Readers should note the Sixth Circuit going out of its way to state that the FDA pre-approval requirement for design changes applied to all prescription drugs, with a reference to “branded or generic” drugs.  The court also rejected plaintiff's contention that there is no federal law that would have prohibited defendants from designing a different drug in the first instance, as opposed to altering an approved design. Yates's argument regarding defendants' pre-approval duty was too attenuated. To imagine such a pre-approval duty exists, a court would have to speculate that had defendants designed ORTHO EVRA® differently, the FDA would have approved the alternate design. Next, the court would have to assume that Yates would have selected this method of birth control from all the choices, and in the face of whatever warnings were on the label. Further the court would have to suppose that this alternate design would not have caused Yates to suffer a stroke. "This is several steps too far".  The argument was contingent upon whether the FDA would approve the alternate design in the first place, and this “never start selling” claim was also preempted because it mirrored the “stop selling” claim rejected in Bartlett.   

The Sixth Circuit affirmed the district court’s grant of summary judgment on all claims ( the others on fact-specific issues we won't get into here).

 

Coffee's On: Claims Dismissed in Single-Cup Brewing Class Litigation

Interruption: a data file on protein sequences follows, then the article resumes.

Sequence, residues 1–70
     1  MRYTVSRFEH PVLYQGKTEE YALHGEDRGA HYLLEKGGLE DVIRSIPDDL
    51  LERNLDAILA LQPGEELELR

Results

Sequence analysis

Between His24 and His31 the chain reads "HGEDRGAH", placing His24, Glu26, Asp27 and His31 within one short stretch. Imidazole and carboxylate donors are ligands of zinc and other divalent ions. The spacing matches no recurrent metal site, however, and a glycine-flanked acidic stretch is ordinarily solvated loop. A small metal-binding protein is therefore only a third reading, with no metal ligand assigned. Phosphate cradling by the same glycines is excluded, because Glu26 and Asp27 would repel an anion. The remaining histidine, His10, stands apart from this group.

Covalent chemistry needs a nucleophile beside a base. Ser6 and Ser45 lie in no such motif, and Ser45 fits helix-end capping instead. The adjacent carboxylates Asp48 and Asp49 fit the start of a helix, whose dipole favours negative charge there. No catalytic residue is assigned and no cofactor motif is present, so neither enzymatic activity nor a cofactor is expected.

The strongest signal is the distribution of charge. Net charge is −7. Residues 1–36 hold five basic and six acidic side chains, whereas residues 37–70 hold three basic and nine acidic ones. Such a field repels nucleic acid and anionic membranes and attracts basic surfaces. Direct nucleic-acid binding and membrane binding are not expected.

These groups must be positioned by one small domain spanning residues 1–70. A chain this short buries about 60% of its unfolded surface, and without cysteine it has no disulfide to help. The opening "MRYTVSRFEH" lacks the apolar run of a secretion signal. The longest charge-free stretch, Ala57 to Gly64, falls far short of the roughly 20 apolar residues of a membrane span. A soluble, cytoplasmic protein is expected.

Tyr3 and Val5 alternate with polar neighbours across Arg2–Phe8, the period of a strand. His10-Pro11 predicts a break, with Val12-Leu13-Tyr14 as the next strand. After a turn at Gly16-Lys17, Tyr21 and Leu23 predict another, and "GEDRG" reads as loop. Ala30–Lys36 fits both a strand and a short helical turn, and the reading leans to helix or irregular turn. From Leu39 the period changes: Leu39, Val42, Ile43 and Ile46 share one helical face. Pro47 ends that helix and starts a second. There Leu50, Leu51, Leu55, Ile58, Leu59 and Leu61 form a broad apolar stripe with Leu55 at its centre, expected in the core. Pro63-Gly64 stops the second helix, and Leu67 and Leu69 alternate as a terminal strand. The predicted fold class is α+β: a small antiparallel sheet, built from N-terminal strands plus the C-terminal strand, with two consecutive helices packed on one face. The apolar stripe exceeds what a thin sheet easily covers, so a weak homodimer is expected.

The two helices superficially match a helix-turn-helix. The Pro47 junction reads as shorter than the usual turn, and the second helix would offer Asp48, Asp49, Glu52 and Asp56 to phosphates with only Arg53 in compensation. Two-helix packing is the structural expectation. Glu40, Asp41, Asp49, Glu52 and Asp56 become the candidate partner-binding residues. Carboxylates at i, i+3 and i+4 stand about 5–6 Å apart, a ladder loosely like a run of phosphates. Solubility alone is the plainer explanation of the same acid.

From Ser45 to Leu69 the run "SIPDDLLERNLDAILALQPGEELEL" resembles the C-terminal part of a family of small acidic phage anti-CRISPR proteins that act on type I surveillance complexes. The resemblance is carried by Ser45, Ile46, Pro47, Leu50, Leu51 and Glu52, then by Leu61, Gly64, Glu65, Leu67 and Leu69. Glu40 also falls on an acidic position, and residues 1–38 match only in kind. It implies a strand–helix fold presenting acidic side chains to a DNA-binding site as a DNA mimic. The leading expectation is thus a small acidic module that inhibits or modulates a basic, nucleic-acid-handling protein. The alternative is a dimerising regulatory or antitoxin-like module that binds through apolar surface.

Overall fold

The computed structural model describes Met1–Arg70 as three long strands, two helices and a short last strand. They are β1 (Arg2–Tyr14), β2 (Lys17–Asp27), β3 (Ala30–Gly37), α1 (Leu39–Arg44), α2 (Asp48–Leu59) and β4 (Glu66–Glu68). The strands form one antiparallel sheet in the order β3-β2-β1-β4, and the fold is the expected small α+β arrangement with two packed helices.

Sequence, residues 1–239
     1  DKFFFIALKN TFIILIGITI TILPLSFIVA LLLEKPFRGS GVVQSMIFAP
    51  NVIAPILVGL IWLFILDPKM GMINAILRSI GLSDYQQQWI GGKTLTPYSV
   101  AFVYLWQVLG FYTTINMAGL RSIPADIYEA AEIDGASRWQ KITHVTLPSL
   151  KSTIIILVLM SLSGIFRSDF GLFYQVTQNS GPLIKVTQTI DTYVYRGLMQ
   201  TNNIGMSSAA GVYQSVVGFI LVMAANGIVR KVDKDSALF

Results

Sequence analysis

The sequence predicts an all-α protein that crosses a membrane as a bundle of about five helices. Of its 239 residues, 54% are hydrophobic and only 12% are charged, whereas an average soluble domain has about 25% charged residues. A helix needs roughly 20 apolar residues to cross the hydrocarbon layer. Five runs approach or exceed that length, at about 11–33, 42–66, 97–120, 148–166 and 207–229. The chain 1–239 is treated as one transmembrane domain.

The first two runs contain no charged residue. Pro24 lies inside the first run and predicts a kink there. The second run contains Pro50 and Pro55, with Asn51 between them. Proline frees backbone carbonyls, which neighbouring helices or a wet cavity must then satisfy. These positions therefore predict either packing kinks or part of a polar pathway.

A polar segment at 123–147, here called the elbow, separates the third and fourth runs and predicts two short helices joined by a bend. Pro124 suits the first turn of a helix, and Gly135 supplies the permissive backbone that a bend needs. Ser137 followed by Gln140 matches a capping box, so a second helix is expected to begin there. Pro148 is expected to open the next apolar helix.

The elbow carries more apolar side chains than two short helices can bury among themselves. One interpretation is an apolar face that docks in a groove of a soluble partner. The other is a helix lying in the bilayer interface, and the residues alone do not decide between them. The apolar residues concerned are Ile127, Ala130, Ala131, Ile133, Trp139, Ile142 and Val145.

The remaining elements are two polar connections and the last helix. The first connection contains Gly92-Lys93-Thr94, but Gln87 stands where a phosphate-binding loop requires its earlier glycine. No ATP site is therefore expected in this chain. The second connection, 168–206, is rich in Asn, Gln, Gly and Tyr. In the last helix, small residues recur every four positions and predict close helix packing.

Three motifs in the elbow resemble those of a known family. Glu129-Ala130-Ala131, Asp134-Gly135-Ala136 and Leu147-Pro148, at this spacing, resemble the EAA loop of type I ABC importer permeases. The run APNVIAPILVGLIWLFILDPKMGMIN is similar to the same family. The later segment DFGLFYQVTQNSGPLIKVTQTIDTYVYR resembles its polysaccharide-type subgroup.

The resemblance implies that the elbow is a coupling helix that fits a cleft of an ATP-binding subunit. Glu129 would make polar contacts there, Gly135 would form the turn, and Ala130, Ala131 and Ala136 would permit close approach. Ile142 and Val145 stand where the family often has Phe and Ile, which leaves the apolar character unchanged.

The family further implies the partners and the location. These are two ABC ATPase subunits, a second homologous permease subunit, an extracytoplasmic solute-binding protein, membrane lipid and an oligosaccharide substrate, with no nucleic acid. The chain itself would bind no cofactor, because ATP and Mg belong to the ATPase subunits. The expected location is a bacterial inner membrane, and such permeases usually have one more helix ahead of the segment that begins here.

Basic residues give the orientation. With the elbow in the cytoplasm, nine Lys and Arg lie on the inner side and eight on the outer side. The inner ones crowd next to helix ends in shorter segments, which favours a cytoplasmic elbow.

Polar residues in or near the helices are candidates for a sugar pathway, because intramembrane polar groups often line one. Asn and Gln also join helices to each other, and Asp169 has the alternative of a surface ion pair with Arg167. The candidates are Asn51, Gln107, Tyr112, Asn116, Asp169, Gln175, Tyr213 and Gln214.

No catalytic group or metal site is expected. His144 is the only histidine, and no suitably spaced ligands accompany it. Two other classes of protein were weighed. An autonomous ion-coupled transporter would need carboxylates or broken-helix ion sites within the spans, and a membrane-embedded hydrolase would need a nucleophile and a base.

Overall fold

A federal court last week dismissed the claims in a case accusing Green Mountain Coffee Roasters of misrepresenting the performance quality of its single-cup brewing systems. See Green v. Green Mountain Coffee Roasters Inc., et al., 2011 WL 6372617 (12/20/12 D.N.J.).

Your humble blogger is in the minority, not being a coffee drinker. Nearly 60% of adults drink coffee daily. The average American drinks 3.1 cups of coffee each day. This contributes to an $18 billion U.S. coffee market. One of the tremendous innovations (speaking from experience, having given these as holiday gifts) in the market is the single cup brewing machine for the home, allowing coffee lovers to make less than a full pot, and to choose from among hundreds of flavors and brands of coffee-related beverages.

Defendants are in the specialty coffee and coffee maker businesses. They manufacture single-cup brewers, accessories and coffee, tea, cocoa and other beverages in "K–Cup portion packs.” Plaintiff Green maintained that his machine failed to brew the programmed amounts of K–Cup coffee within a few weeks of use. Plaintiff asserted that the machines had defective components, including defective pumps. As a result, the machines allegedly failed and brewed less than the specified amount. Furthemore, this defect allegedly caused consumers to use additional K–Cups to brew a single beverage. 

Plaintiff maintained that defendants' actions were in violation of the New Jersey Consumer Fraud Act (“CFA”), N.J. Stat. Ann. § 56:8–1, et seq., and constituted a breach of implied warranty.